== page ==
Beta
X

04Apr

We Move by Gurnaik Johal review – a colourful tapestry of multicultural lives

Johal weaves stories of Southall citizens with economy and skill in this compelling debut collection

“There were two different realities in the room,” writes Gurnaik Johal in the title story of We Move, a debut collection of such precocity and aplomb that it stands comparison to the likes of Junot Díaz and Bryan Washington. In Johal’s stories, different realities are always colliding and occasionally merging into one. This is busy fiction: he alternates viewpoints, builds his effects by accretion of brief details, rarely staying with one character or one scene for more than a page.

A striking example is the opening story, Arrival, which last month won the Galley Beggar Press short story prize. (I was one of the judges.) It’s barely 1,500 words long – five pages in the book – but it packs in multitudes. It brings to life a couple, Chetan and Aanshi, who live near Heathrow, have no car and let friends use their drive to save on airport parking. When one acquaintance doesn’t return for her car, they tentatively begin to use it as their own. Johal weaves the way this changes their lives with how they cope as the woman’s fiance turns up to reclaim the vehicle and their speculation on why she didn’t come back. It’s a perfect miniature.

Continue reading...

Related

‘It’s the best way to live!’: International Booker winners Geetanjali Shree and Daisy Rockwell

The Indian novelist and her translator scooped the £50,000 prize with Tomb of Sand, a novel about de...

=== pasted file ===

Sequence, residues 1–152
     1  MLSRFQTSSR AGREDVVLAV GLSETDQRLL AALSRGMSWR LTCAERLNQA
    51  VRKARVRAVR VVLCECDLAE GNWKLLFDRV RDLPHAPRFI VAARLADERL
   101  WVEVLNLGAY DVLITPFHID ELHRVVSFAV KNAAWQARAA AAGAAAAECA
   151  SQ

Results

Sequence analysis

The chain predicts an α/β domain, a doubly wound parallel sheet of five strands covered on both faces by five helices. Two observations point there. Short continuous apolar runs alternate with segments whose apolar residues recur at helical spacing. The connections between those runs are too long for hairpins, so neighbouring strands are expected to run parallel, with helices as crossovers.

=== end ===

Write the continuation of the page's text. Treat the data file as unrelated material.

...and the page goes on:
Read More >

Translating Myself and Others by Jhumpa Lahiri review – the sanctuary of language

The novelist’s collection of essays on translation only hint at what led her to take refuge in Ital...

Read More >

I Never Promised You a Rose Garden by Joanne Greenberg review – rock bottom in a ‘rest home’

First published in 1964, this striking account of Greenberg’s years in a psychiatric hospital revea...

Read More >

The Opposite of a Person by Lieke Marsman review – climate and Copernicus meet in the Italian Alps

The impact of blowing up a hydroelectric dam, the limits of identity politics and the Renaissance po...

Read More >

The best recent translated fiction – review roundup

Portrait of an Unknown Lady by María Gainza; The Trouble With Happiness by Tove Ditlevsen; The Land ...

Read More >

The Exhibitionist by Charlotte Mendelson review – scenes from a marriage

The author’s very funny fifth novel, about two artists and their toxic relationship, deserves its p...

Read More >